Urban slums pose a major challenge for measles control and are identified as high-risk areas leading to a high rate of measles transmission. This is because of overcrowding (giving rise to faster and wider spread of the disease) and a relatively low rate of vaccination1.The "Urban measles control initiative" was, therefore, launched in 10 cities including Surat in India in 1998 to achieve measles control through improved vaccination coverage2. This initiative envisaged a baseline incidence survey, mass measles vaccination campaign and strengthening the system of routine vaccination. Effective planning, implementation and monitoring were considered crucial for developing a pilot process of accelerated measles control in urban areas. Therefore, a baseline "measles incidence cluster survey" was undertaken to assess the magnitude of the problem.

Surat, being the second largest city in the State of Gujarat and undergoing rapid urbanization with a heavy influx of population, provided an excellent opportunity to undertake and evaluate the proposed intervention.

Among the 10 cities selected initially, Surat was the first one to undertake the baseline measles incidence survey in 1998.

Material and Methods:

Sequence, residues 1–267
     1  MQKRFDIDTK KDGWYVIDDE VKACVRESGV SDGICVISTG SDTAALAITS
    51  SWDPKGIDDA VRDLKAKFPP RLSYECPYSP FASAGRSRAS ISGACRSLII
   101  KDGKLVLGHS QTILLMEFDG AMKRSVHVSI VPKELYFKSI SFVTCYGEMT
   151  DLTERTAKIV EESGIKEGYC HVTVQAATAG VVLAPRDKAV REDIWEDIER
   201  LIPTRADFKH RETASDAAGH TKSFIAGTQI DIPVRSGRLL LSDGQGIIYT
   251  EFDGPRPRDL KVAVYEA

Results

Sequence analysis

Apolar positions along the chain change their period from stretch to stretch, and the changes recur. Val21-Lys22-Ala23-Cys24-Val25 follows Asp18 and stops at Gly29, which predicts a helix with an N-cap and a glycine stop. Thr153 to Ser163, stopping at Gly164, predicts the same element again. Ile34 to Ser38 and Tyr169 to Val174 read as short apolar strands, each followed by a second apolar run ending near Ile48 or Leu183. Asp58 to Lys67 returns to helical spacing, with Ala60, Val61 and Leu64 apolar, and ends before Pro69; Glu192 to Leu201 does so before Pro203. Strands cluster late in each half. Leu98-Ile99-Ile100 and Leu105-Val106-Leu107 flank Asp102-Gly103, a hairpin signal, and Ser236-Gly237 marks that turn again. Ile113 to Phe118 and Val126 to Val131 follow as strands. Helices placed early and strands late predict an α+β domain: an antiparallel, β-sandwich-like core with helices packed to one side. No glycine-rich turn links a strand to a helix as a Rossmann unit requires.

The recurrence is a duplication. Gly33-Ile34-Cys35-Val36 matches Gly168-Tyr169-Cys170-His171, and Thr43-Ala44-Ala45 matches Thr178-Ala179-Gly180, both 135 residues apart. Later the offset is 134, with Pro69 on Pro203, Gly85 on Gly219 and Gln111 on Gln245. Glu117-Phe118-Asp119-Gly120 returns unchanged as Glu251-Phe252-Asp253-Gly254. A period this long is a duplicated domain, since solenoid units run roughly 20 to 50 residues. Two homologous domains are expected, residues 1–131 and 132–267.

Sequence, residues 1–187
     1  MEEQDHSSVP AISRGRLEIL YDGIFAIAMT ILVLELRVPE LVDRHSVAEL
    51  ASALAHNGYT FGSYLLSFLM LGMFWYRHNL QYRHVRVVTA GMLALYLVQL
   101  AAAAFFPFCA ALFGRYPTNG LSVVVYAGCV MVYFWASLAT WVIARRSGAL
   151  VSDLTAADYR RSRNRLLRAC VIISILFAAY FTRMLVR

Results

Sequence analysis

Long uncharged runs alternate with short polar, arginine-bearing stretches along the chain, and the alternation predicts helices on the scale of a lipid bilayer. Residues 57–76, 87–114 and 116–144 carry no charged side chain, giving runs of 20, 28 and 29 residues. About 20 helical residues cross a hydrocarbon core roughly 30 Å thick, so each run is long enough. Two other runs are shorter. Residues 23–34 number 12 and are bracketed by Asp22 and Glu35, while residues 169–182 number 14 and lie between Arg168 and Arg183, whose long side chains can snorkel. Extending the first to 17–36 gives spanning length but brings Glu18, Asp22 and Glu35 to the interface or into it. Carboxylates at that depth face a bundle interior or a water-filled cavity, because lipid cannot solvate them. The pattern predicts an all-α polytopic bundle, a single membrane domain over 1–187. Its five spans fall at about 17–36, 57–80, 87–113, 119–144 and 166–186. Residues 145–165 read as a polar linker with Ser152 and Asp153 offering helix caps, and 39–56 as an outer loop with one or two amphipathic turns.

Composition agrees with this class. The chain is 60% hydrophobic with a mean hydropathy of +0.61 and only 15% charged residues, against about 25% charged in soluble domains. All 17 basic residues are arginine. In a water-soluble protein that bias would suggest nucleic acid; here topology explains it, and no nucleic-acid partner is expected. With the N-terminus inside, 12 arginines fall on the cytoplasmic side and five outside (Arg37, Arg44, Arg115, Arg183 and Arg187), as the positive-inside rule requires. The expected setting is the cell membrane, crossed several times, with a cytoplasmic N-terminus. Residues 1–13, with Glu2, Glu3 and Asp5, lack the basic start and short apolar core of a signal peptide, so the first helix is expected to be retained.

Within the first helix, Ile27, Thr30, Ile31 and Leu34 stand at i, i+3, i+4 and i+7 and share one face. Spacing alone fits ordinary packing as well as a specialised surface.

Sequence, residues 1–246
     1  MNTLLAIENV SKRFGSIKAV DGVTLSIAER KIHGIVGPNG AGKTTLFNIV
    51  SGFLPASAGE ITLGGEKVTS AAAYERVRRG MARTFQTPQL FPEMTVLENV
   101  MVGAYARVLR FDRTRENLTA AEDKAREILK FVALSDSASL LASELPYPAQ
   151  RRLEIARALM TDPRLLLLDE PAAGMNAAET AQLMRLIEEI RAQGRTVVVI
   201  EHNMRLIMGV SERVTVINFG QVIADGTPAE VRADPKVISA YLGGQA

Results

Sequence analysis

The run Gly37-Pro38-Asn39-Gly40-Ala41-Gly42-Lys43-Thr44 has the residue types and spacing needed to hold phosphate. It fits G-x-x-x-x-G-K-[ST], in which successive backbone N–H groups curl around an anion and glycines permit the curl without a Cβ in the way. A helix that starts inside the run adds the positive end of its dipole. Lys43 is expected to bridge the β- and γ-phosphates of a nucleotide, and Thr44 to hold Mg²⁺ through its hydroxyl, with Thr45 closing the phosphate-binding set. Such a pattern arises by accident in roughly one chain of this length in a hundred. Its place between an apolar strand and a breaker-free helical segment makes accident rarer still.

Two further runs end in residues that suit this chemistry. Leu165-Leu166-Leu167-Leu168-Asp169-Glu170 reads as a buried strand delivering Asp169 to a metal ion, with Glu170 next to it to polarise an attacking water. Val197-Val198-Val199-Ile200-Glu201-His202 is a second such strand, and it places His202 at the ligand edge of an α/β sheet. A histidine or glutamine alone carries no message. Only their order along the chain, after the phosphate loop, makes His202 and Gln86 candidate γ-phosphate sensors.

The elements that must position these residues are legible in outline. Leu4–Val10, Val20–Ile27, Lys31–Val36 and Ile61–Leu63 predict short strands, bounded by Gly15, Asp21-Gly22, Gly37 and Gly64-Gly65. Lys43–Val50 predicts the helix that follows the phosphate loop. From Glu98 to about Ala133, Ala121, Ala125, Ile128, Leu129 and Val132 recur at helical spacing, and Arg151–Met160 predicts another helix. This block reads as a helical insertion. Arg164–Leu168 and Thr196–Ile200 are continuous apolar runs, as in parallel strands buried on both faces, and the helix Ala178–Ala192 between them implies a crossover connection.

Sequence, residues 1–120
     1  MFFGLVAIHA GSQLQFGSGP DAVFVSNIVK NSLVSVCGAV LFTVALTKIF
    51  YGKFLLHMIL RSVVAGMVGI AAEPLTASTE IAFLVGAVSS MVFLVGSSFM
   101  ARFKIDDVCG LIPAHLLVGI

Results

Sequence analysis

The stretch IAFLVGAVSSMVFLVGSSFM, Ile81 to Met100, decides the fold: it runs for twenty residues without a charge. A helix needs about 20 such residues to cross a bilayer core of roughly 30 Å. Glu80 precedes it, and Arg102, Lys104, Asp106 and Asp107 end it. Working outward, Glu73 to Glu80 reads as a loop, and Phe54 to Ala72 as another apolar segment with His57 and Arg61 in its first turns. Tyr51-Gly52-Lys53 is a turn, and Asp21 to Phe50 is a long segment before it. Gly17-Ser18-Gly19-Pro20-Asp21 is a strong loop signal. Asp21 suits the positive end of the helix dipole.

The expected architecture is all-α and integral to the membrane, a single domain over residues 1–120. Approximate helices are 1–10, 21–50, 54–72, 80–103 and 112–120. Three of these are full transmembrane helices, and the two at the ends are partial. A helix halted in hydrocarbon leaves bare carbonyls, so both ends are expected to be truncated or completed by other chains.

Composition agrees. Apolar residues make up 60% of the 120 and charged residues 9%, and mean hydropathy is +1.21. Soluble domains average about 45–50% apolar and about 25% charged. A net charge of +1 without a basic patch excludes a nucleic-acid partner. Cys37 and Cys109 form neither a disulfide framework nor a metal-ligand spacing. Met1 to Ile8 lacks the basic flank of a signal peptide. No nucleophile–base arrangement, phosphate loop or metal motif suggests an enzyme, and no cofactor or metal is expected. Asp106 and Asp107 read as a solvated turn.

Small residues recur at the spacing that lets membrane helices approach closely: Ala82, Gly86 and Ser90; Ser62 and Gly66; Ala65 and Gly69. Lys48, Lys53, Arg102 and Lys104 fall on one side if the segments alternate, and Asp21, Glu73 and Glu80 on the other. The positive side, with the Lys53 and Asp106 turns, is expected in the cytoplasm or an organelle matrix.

The study was carried out in 30 slum clusters of Surat city selected by the cluster sampling method to study the incidence of measles in under five children. Due to inadequacy of studies on this subject, the sample size was calculated on the basis of reported vaccination coverage of 60%, in the city over a period of five years3. 40% children were thus considered susceptible and a uniform attack rate of 8% was assumed per year. The vaccinated and unvaccinated children were assumed to be evenly distributed in the study universe.

The sample size calculated at 95% level of significance with an allowable error of 12.5% was 3000 under five children and this population was to be covered in 30 clusters with a target of studying 100 children per cluster4. History of fever with rash, vaccination status, history of post measles complications and treatment seeking behaviour were also recorded by house to house survey on a pre-tested proforma, designed by UNICEF4.